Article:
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Simons and Burt's (2011) social schematic theory (SST) of crime posits that adverse social factors are associated with offending because they promote a set of social schemas (i.e., a criminogenic

Simons and Burt's (2011) social schematic theory (SST) of crime posits that adverse social factors are associated with offending because they promote a set of social schemas (i.e., a criminogenic knowledge structure) that elevates the probability of situational definitions favorable to crime. This study extends the SST model by incorporating the role of contexts for action. Furthermore, the study advances tests of the SST by incorporating a measure of criminogenic situational definitions to assess whether such definitions mediate the effects of schemas and contexts on crime.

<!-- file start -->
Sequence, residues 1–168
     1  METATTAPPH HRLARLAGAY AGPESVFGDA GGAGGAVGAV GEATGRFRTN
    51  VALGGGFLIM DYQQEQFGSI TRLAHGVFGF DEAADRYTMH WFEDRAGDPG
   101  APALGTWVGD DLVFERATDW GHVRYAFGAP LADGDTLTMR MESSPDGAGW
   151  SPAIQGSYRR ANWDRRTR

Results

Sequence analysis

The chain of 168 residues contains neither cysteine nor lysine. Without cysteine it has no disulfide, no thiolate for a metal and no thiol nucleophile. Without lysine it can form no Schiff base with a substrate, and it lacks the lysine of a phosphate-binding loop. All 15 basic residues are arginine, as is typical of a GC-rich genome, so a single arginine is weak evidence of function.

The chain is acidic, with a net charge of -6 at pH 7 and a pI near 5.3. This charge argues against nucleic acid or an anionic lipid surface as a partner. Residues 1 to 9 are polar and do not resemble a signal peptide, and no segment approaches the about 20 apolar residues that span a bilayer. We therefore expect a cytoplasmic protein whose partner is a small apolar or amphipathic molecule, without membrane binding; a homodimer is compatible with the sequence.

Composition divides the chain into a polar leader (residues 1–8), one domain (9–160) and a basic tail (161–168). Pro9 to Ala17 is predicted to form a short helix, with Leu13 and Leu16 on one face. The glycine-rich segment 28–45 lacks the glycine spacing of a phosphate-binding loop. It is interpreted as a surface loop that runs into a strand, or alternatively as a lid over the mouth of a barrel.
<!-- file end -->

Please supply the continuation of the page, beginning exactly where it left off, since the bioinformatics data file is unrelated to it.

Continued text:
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Date Created
  • 2014-11-01
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  • Text
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    Identifier
    • Digital object identifier: 10.1111/1745-9125.12053
    • Identifier Type
      International standard serial number
      Identifier Value
      1745- 9125
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    Simons, Ronald L., Burt, Callie H., Barr, Ashley B., Lei, Man-Kit, & Stewart, Eric (2014). INCORPORATING ROUTINE ACTIVITIES, ACTIVITY SPACES, AND SITUATIONAL DEFINITIONS INTO THE SOCIAL SCHEMATIC THEORY OF CRIME. CRIMINOLOGY, 52(4), 655-687. http://dx.doi.org/10.1111/1745-9125.12053

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